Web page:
In Praise of Athletic Beauty by Hans Ulrich Gumbrecht
Here is something of a marvel—a book by the Albert Guérard Professor in Literature at Stanford University that is written for the common reader, without footnotes, bibliography, or index. What's more, it is a pleasure to read. It consists of four elegant chapters written in an approachable, appreciative, meditative vein. The first is a chapter defining praise, beauty, and athletics. The second, "Discontinuities," chooses moments in the history of sports: demigods, gladiators, knights, ruffians, sportsmen, Olympians, customers. The third chapter defines what the author means by "fascinations." He chooses themes that excite all fans with a sense of beauty and wonder—bodies in motion, suffering, grace, tools, forms, plays, and timing. The fourth chapter, "Gratitude," concludes the book with original meditations on "watching" and "waste." In this delightful volume, Gumbrecht draws on his own favorite experiences, from watching hockey in Canada to watching the World Cup and other soccer games (especially those involving Germany), and most recently, watching Stanford's swim meets and football contests. He is not the first to write on these themes in a philosophical mood, but he does so with a grace that is worthy of his subject.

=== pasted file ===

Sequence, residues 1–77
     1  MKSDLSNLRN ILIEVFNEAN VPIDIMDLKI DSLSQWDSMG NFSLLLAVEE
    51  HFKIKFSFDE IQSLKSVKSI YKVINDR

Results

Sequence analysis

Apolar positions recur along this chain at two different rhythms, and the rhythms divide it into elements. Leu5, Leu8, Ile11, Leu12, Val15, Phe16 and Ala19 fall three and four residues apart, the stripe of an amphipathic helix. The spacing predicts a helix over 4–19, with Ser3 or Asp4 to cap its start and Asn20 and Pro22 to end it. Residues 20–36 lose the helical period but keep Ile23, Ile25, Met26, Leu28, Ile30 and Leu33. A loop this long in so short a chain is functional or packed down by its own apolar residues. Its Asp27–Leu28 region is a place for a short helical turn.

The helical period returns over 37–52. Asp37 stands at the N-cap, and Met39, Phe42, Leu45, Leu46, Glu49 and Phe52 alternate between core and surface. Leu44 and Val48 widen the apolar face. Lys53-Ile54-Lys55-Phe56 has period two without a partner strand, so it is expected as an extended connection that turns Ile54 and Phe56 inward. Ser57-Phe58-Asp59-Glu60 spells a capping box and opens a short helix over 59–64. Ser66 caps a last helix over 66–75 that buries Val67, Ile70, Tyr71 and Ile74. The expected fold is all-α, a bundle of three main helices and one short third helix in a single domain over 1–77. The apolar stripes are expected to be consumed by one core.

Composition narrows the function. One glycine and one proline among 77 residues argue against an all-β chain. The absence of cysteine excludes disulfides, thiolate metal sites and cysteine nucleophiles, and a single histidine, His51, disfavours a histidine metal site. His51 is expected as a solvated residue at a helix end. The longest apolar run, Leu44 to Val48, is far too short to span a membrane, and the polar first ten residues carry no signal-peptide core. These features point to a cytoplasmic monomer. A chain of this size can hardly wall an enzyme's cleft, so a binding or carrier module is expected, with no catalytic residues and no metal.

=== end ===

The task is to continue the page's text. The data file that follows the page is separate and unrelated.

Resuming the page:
American Enterprise Institute
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This article appeared in the Fall 2006 issue of the Claremont Review of Books